I wrote a thing to get it out of my system but am now wondering what I've missed from this list.
What would you add?
@dajbelshaw Good post. Quick notes from the perspective of a speaker working against the grain of the mainstream:
- Point in #2 about sponsors is key.
- I’d add: pay your speakers (this will also help with the diversity bit)
- On debates: I’d add from personal experience that I have zero desire to be the token dissenting voice at a conference. e.g., If your event is 29 people from Silicon Valley people farmers, don’t invite me “for balance.” That’s not balance; it’s the illusion of balance.
@aral Thanks Aral! Have added to the bottom of the post: https://dougbelshaw.com/blog/2022/05/20/running-event/
Now that we know how, make all conferences hybrid in one form or another, and choose the location with good transport links in mind. Flying long distance to a conference is immoral anyway, but travel costs, disability, passport inequality, caring duties, and any number of other factors prevent really good people from participating in traditional conferences.
Two versions of this that I have participated in, both of which worked well, were:
a) Local nodes videolinked into the big gathering (this allows for locally negotiated childcare, disabled access, preconference planning, etc.)
b) Fully hybrid, with careful account taken of time zones, local languages, etc.
@yetiinabox Great stuff, have added to the bottom of the post! https://dougbelshaw.com/blog/2022/05/20/running-event/
@dajbelshaw I'd put more detail into the diversity stuff you've already mentioned, including "have a code of conduct" and "make clear how accessible your event is to different demographics". I wrote about this stuff at https://blog.mattcen.com/2018/01/26/diverse_events/
@mattcen Thanks! Have added to the bottom of the post https://dougbelshaw.com/blog/2022/05/20/running-event/
@dajbelshaw I think this is a great list. AND (ahem) on point 10 (community) I have some thoughts. Sometimes an event is just great on its own even if it doesn’t generate or foster a community. Sometimes that’s because those communities already exist and people don’t have time in their lives for another community. I’ve seen it work both ways. When a community builds from or is fostered by a event or can be great. But it’s also ok if it just exists at that point in time I think.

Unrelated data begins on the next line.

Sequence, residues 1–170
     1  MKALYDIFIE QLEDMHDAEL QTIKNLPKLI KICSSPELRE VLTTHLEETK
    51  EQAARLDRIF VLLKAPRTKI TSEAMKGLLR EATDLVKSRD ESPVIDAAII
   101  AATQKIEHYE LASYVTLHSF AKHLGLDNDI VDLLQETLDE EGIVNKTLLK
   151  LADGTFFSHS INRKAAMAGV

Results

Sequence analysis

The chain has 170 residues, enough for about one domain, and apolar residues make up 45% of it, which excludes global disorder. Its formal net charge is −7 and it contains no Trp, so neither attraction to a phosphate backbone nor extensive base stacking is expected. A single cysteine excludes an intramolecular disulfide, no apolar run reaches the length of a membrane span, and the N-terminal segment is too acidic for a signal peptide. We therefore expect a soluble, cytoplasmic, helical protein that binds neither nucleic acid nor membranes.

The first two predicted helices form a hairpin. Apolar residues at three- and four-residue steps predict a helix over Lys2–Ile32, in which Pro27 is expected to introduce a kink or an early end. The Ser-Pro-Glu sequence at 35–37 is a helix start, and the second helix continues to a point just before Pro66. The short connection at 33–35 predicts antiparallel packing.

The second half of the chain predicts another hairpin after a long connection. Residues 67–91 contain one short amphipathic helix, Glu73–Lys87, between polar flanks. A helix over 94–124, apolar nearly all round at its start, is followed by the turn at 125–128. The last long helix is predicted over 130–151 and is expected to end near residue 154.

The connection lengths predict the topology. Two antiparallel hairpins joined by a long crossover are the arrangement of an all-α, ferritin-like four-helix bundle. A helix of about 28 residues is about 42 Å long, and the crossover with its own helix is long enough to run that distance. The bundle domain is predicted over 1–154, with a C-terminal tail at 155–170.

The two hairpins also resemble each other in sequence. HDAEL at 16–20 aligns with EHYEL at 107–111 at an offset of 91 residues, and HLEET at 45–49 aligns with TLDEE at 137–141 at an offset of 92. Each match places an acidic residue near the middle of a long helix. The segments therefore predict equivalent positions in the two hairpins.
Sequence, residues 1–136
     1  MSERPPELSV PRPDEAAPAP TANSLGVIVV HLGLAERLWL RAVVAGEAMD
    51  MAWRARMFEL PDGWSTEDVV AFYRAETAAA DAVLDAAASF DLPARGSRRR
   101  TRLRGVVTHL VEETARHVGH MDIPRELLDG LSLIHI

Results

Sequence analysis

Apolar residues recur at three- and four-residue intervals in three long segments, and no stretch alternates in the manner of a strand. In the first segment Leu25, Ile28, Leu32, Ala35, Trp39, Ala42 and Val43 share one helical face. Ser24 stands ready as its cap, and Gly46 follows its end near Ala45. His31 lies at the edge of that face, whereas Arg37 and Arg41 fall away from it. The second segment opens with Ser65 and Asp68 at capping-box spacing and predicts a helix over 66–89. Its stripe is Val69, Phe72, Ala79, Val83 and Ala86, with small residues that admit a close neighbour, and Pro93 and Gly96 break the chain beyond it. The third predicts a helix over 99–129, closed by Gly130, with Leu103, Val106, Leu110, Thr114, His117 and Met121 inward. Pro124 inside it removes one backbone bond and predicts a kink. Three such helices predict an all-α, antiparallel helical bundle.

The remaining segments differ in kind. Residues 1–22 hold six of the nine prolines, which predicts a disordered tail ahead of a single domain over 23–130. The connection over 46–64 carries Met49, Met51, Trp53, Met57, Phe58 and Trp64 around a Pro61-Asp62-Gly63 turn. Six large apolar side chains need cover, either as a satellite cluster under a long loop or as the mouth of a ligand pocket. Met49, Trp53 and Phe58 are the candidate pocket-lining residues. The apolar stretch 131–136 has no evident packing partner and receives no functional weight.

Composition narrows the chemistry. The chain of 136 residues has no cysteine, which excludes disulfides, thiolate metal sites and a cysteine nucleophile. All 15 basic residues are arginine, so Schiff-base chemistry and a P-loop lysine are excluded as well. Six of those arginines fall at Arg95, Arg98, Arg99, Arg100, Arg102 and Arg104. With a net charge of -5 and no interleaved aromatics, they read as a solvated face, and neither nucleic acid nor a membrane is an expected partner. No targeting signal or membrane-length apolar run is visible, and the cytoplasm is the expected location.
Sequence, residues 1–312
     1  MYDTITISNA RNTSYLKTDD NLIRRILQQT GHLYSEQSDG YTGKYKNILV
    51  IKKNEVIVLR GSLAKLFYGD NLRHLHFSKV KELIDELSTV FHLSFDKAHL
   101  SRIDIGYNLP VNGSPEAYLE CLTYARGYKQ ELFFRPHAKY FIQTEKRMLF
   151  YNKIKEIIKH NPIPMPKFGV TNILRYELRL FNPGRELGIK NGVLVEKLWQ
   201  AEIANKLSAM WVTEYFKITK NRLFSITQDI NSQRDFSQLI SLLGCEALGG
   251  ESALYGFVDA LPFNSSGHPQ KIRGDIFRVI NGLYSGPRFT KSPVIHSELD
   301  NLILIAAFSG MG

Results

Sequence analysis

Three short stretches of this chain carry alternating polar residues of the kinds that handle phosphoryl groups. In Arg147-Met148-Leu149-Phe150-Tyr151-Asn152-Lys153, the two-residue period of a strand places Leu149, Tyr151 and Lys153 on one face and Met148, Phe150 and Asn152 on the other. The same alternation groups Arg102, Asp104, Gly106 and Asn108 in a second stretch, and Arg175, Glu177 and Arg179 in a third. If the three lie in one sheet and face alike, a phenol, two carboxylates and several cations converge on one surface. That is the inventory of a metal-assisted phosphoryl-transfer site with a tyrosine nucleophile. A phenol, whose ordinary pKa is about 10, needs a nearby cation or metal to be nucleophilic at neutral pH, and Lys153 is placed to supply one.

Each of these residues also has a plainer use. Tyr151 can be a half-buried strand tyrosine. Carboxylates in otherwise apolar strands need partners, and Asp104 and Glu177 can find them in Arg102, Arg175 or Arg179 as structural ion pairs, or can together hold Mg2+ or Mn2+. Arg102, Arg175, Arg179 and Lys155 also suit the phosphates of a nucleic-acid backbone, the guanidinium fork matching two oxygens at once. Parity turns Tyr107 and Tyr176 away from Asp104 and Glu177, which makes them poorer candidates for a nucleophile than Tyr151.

@torgo Thanks! Have added to the bottom of the post https://dougbelshaw.com/blog/2022/05/20/running-event/
@dajbelshaw also see with @ada had to say about making sure events are inclusive: https://ada.is/blog/2018/04/16/help-someone-has-pointed-out-my-conference-has-diversity-issues/
@torgo Thanks! I've added that to the bottom of the post as well: https://dougbelshaw.com/blog/2022/05/20/running-event/
It's a good list, Doug, in theory. But there are big unsuspecting traps here that will not only reduce true accessibility for ND's (neurodivergents -ADHD/autistic/trauma/etc). NT's (neurotypicals) ideas of participation are often poorly-thought out things that serve to exclude ND. Similarly, often "community building" does the same. In my exp, the prob is worse w/ NT's who believe themselves paragons of "open" and "critical" based on race or gender.
@dajbelshaw great post! I did think it interesting the suggestions are based on conferences. while a conference may have been the inspiration for the list, there are other types of events.
Expanding on themes, the way you design an event contains multiple opportunities to explore a theme. Make it fun/interesting - work it into your physical space and website.
creating smaller events around a larger one help foster community. For a conference, this could be a kickoff meetup
@awoodsnet Thanks Andrew, I've added your suggestions to the bottom of the post! https://dougbelshaw.com/blog/2022/05/20/running-event/
Fosstodon is an English speaking Mastodon instance that is open to anyone who is interested in technology; particularly free & open source software.